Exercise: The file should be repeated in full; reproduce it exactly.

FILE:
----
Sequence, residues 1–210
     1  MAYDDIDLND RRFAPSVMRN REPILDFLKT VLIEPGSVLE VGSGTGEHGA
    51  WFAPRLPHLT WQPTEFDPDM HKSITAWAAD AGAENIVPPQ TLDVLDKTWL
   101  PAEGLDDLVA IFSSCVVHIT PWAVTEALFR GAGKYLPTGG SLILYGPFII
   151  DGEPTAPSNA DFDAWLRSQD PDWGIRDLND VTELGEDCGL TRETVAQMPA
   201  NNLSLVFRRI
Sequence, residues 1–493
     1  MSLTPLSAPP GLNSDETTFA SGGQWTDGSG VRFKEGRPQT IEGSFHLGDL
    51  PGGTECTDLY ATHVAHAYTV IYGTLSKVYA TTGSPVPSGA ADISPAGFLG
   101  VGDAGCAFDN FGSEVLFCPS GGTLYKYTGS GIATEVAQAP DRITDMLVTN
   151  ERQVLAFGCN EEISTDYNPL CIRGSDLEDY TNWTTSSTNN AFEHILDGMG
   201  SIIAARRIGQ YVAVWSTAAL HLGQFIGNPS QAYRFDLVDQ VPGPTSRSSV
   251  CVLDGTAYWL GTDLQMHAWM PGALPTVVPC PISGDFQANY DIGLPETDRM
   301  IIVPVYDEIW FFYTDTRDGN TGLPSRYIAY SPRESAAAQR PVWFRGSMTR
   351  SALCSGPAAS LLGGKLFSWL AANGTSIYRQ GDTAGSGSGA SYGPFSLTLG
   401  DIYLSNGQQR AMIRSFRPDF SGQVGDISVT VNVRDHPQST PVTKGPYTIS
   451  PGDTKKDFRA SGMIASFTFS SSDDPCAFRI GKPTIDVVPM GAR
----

Sequence, residues 1–210
     1  MAYDDIDLND RRFAPSVMRN REPILDFLKT VLIEPGSVLE VGSGTGEHGA
    51  WFAPRLPHLT WQPTEFDPDM HKSITAWAAD AGAENIVPPQ TLDVLDKTWL
   101  PAEGLDDLVA IFSSCVVHIT PWAVTEALFR GAGKYLPTGG SLILYGPFII
   151  DGEPTAPSNA DFDAWLRSQD PDWGIRDLND VTELGEDCGL TRETVAQMPA
   201  NNLSLVFRRI
Sequence, residues 1–493
     1  MSLTPLSAPP GLNSDETTFA SGGQWTDGSG VRFKEGRPQT IEGSFHLGDL
    51  PGGTECTDLY ATHVAHAYTV IYGTLSKVYA TTGSPVPSGA ADISPAGFLG
   101  VGDAGCAFDN FGSEVLFCPS GGTLYKYTGS GIATEVAQAP DRITDMLVTN
   151  ERQVLAFGCN EEISTDYNPL CIRGSDLEDY TNWTTSSTNN AFEHILDGMG
   201  SIIAARRIGQ YVAVWSTAAL HLGQFIGNPS QAYRFDLVDQ VPGPTSRSSV
   251  CVLDGTAYWL GTDLQMHAWM PGALPTVVPC PISGDFQANY DIGLPETDRM
   301  IIVPVYDEIW FFYTDTRDGN TGLPSRYIAY SPRESAAAQR PVWFRGSMTR
   351  SALCSGPAAS LLGGKLFSWL AANGTSIYRQ GDTAGSGSGA SYGPFSLTLG
   401  DIYLSNGQQR AMIRSFRPDF SGQVGDISVT VNVRDHPQST PVTKGPYTIS
   451  PGDTKKDFRA SGMIASFTFS SSDDPCAFRI GKPTIDVVPM GAR